Students spring into humanities research over break

March 13, 2024, 1:32 a.m.

When people think of research, they usually think of lab coats, number-crunching and computers. But what if research could be more than that?

The Humanities Research Intensive (HRI), a spring break research methods course first piloted five years ago, seeks to answer that question. Developed by Assistant Dean of Humanities and Social Sciences Jeffrey Schwegman and philosophy professor R. Lanier Anderson, the class provides early exposure to humanities research for frosh and sophomores, as well as a follow-up grant program intended to increase the accessibility and appeal of such research.

Humanities research has historically been less visible than its STEM counterparts across university campuses and, as a result, less engaged with. While Stanford students can participate in a variety of STEM research opportunities — from the paid computer science internship program CURIS to the bioengineering department’s Research Experiences for Undergraduates (REU) — students in the humanities face unique challenges. Schwegman said humanities faculty rarely need research assistants the same way that STEM departments do, as work is often completed independently with no built-in mentoring structure. 

Elijah Negron ’25, who is pursuing a combined major in philosophy and religious studies with a minor in classical languages, said it “can be difficult to approach humanistic research” and that projects “can be hard to get off the ground.” 

According to Schwegman, HRI is tailored toward students who are interested in the humanities but may not have had extensive previous research exposure. By providing opportunities for these students, faculty hope to open the doors for more underclassmen to get involved in humanities fields.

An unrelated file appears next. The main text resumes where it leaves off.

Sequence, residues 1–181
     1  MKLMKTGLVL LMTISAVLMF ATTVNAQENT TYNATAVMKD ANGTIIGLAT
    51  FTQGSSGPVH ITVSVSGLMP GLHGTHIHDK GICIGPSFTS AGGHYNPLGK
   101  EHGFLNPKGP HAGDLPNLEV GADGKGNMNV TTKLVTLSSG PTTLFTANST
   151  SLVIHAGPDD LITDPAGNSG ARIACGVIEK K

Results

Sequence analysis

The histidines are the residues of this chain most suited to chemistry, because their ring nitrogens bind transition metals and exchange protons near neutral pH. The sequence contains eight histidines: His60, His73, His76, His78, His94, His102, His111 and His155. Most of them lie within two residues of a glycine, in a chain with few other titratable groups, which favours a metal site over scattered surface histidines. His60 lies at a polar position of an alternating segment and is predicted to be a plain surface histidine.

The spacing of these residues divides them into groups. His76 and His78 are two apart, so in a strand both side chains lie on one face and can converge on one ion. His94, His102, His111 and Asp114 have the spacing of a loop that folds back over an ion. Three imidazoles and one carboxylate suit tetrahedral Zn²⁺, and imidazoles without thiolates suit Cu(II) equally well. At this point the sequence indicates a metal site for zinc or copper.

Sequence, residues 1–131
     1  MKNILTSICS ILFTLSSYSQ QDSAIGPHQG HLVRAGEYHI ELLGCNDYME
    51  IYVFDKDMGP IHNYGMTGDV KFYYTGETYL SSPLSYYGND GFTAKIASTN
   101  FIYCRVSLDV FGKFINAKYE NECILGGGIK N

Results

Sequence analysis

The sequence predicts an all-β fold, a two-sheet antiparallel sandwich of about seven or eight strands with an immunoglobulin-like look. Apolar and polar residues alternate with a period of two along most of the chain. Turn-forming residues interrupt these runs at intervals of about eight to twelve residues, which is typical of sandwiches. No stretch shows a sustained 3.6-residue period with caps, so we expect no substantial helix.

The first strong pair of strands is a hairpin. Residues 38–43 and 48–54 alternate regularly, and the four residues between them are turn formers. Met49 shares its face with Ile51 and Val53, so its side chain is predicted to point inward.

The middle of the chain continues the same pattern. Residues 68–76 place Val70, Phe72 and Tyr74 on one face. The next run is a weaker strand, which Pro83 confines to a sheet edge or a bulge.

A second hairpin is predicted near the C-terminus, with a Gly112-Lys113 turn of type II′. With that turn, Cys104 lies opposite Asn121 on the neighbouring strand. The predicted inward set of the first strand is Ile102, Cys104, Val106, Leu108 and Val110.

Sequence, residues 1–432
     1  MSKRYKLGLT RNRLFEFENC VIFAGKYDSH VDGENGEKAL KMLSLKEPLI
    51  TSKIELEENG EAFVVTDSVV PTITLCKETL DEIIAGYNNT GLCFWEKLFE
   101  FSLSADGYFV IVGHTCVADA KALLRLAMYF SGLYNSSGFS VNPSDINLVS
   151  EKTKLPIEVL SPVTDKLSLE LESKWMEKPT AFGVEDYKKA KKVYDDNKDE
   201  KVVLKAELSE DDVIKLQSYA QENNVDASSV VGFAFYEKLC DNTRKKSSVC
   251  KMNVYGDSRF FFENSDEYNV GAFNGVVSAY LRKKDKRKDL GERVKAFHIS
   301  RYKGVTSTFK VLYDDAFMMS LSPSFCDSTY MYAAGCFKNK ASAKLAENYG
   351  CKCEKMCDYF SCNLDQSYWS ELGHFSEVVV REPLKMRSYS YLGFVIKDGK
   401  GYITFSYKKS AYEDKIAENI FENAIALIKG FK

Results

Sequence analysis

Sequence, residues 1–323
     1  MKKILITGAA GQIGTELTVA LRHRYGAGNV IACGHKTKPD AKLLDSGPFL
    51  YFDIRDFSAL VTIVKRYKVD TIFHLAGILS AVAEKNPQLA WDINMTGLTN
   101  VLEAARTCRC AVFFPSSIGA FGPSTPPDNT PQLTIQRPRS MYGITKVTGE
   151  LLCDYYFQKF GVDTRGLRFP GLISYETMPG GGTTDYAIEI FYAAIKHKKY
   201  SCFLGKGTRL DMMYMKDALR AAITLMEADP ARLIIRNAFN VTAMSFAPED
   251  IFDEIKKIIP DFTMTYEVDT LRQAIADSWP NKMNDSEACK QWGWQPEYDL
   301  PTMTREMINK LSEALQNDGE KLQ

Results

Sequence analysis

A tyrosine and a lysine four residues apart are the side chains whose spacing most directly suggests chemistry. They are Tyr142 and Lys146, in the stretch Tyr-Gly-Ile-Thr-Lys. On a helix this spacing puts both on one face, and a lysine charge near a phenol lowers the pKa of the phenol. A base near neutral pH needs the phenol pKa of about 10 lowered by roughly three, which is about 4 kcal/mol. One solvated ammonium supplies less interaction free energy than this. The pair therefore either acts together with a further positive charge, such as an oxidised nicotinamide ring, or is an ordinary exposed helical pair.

“We’re trying to tease out promise and potential, rather than prior achievements,” Schwegman said. 

Hanson Hu ’27, a freshman interested in philosophy, said he was excited to attend HRI this spring break “to learn what philosophy research looked like,” specifically regarding what goes into a research paper.

The spring break program typically commences with a brief introductory session Sunday afternoon, followed by five full days of instruction, then concludes Saturday. According to Schwegman, days are split with lectures or discussions covering the research process in the morning, while afternoons are dedicated to hands-on projects within University collections. 

This experience is supplemented with visits to other campus collections like the Cantor Arts Center, the Archive of Recorded Sound, Stanford University Archaeology Collections, the Hoover Library and Archives and Memorial Church. A full day is also dedicated to an off-campus field trip — in recent years, for example, students have gone to Jasper Ridge Biological Preserve to explore research methods and topics in archaeology and environmental history.

HRI students also undertake a small research project as a practical application for the research skills they learn through the program.

Negron, who participated in HRI as a sophomore in 2023, described the program as a “really unique opportunity.” During the program, he studied a map from the David Rumsey Map Center titled “The Bridge to Total Freedom,” which shows the spiritual progression of a Scientology follower.

“It showed me how, with a little elbow grease, you can pull an incredible amount of information out of a seemingly very straightforward item,” Negron said.

According to Negron, funding in the humanities is often hyper-competitive and limited, which can make it difficult for students to get started. A major reason he chose to participate in HRI was because of the “accessible funds” that helped alleviate the burden for more competitive grants, like the Chappell-Lougee Scholarship

The summer after HRI, Negron obtained full-time funding to pursue a project that he believes will now be his senior thesis. 

“Even if you’re someone who feels like you have a grasp on humanistic research methods, the access to grants solely available to HRI students are extremely valuable,” Negron said. 

Following the program’s initial success, a program modeled on HRI was introduced as a Sophomore College (SoCo) course last year. Led by faculty members Elaine Treharne and Caroline Winterer, it will return this summer as HISTORY 30SC.

Sonnet Xu ’27 is an Arts & Life columnist for The Daily. Contact her at sonnet 'at'

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